Despite a downward trend in the number of Americans who smoke, individuals with mental illness are still as likely to smoke today as they were in 2004, according to data from the federal Medical Expenditure Panel Survey. The study looked at the time period of 2004 to 2011, when smoking rates in the general population fell 14%, though the rate of smokers with mental illness remained unchanged. In 2011, about 25% of individuals with mental illnesses reported being smokers, while only about 16.5% of the general population reported smoking. Individuals with mental illnesses who were undergoing treatment, however, showed greater quit rates than those who were not receiving treatment (37% versus 33%). The full report appears in the January 8 issue of the Journal of the American Medical Association.
Can’t stop checking your e-mail? Feel phantom vibrations even when your phone isn’t in your pocket? You aren’t alone. Occupational psychologist Emma Russell has released new research that indicates workers obsessed with checking e-mail may actually be damaging their mental health. Dr. Russell, of London’s Kingston University, analyzed the e-mail of employees across many different types of companies to see which habits had positive or negative influences on their work lives. Many of the habits were thought to be positive traits by the employees, yet had negative effects, as well. “This research reminds us that even though we think we are using strategies for dealing with our e-mail at work, many of them can be detrimental to other goals and the people we work with,” said Dr. Russell, who presented her Seven Deadly E-mail Sins at the British Psychological Society’s Annual Conference. According to Dr. Russell, the Seven Deadly E-mail Sins, when used in moderation, are fine, but can have a negative impact if they are not handled correctly. For example, while workers may check e-mail outside of business hours to stay on top of work, it may also mean they have trouble switching between work and home life. While responding immediately to e-mails may show concern and interest, it may take the sender away from other tasks needing concentration. The seven sins include: ping pong (constant e-mails back and forth, creating long chains), e-mailing outside of work hours, e-mailing around others, ignoring e-mails, requesting read receipts, responding immediately to an e-mail alert, and sending automated replies.
[vimeo http://vimeo.com/82204714] Among PAR’s newest and most innovative products, the Vocabulary Assessment Scales (VAS) present highly realistic, full-color digital photographs to measure the breadth of an individual’s vocabulary and oral language development. This complementary pair of assessments measure both expressive (VAS-E) and receptive (VAS-R) vocabulary.  Norm-referenced and designed for simple administration and scoring, the VAS-E and VAS-R can be used individually or in combination throughout an individual’s life span. Click the video link above to view a short interview with VAS author Rebecca Gerhardstein-Nader, PhD, and learn more about the features and benefits of this exciting new product!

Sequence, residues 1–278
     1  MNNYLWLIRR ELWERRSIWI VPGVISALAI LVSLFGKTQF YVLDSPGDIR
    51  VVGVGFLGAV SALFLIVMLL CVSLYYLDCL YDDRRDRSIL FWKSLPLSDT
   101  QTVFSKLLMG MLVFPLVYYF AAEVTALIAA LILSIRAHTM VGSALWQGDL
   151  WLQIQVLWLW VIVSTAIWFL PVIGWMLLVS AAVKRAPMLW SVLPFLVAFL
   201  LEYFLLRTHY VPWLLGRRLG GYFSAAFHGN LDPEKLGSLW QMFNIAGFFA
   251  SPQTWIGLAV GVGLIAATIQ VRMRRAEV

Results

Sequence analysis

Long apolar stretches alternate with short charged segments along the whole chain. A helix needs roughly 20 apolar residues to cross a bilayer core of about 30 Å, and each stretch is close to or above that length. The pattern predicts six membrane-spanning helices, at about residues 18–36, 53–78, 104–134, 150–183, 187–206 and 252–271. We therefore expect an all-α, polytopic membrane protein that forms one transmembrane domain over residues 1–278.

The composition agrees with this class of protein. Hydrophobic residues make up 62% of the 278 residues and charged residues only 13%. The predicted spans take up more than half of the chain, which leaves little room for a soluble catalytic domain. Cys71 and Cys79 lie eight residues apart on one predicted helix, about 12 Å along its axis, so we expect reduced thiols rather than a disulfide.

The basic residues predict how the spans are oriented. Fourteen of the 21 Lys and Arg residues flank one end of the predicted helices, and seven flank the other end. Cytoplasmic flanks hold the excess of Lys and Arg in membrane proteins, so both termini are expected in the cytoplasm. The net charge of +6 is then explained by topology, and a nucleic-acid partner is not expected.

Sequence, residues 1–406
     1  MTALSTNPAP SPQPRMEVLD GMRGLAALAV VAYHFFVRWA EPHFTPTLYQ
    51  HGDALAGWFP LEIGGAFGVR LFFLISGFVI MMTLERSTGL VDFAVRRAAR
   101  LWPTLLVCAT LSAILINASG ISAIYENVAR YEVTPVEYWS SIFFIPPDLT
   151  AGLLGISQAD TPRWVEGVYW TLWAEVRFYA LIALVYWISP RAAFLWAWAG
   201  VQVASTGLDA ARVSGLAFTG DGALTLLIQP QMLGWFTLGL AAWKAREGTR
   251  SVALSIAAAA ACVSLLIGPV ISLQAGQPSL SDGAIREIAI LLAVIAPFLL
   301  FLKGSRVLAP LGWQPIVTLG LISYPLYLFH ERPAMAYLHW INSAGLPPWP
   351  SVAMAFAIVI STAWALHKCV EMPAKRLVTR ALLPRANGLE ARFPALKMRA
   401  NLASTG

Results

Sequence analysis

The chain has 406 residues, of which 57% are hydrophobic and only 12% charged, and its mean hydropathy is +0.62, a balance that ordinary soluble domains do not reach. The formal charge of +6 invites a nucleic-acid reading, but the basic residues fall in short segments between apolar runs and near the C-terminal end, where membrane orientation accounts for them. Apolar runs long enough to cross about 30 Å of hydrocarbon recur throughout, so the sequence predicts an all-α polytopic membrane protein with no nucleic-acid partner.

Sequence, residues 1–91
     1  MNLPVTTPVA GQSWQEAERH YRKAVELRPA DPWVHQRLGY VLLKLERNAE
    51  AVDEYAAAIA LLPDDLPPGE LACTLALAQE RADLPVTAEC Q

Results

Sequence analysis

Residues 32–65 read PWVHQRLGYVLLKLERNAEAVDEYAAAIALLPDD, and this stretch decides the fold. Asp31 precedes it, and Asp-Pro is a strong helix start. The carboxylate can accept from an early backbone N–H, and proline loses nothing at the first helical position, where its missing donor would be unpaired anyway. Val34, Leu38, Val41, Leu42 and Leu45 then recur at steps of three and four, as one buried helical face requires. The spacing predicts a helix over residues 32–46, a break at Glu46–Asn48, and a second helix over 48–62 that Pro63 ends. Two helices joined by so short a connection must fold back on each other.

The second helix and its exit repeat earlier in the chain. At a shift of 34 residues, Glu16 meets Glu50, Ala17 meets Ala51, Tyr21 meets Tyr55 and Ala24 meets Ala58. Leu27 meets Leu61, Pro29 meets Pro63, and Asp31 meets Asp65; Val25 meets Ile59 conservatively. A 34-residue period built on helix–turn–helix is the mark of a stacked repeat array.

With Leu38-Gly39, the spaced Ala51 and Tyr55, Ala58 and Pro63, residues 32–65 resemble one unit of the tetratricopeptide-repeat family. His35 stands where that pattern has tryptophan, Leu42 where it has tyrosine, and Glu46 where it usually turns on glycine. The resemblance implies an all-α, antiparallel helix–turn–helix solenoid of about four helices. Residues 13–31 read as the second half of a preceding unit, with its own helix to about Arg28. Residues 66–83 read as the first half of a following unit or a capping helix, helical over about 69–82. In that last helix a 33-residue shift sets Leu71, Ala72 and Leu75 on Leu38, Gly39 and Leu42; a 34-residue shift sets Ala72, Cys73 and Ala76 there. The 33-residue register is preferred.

It’s that time of year…. During the winter months, people are more likely to report feeling tired, depressed, or sad. For many of us, these feelings are a normal response to less sunlight, and an occasional case of the “winter blues” is mild and manageable. Others, however, are struggling with the symptoms of seasonal affective disorder (SAD), a clinical form of depression. What is the difference between the two? In a recent interview published by the American Psychological Association, SAD expert Kelly Rohan, PhD, explains the signs of the disorder and potential treatments. Rohan is an associate professor of psychology at the University of Vermont who specializes in cognitive-behavioral therapy, theory of depression, and SAD. According to Rohan, SAD is a pattern of major depressive episodes during the fall and winter months, with periods of full improvement in the winter and spring. “The symptoms of SAD are exactly the same as non-seasonal depression symptoms, which can include a loss of interest or pleasure in normally enjoyed activities, excessive fatigue, difficulty concentrating, a significant change in sleep length and thoughts about death or suicide. The only difference with SAD is the seasonal pattern it follows,” says Rohan in the APA interview. Widely used treatments for SAD include light therapy, that is, daily exposure to bright artificial light during the months when depressive episodes occur; anti-depressant medications are sometimes prescribed, as well. In recent years, however, Rohan’s lab has been researching the effectiveness of cognitive-behavioral therapy (CBT) for SAD. “CBT is a type of talk therapy used and researched extensively for non-seasonal depression since the 1960s, but we are the first group to apply the treatment to SAD,” Rowan says. “The CBT for SAD treatment we have been testing includes 12 structured sessions, delivered two times per week over six weeks in the winter. The sessions focus on developing skills to improve coping with the seasons. The therapist works with the patient to foster two types of skills: behavioral (doing) skills and cognitive (thinking) skills. The behavioral skills involve identifying, scheduling and doing pleasurable, engaging activities every day in the winter. Over time, these proactive behaviors are meant to counteract the down, lethargic mood and the tendency to give in to ‘hibernation’ urges that are so common in SAD. The cognitive skills involve learning to identify and challenge negative thoughts when experiencing SAD symptoms.” In Rohan’s clinical trial, patients who had been treated with CBT generally had better outcomes than those who had been treated with light therapy alone. “These results suggest that treating someone initially with just CBT may be more effective in the long term,” says Rohan. “My lab is completing a study to find out if these results hold in a larger, more definitive study funded by the National Institutes of Mental Health.” What do you think? Could CBT be a promising treatment option for clients with SAD? PAR wants to hear from you, so leave a comment and join the conversation!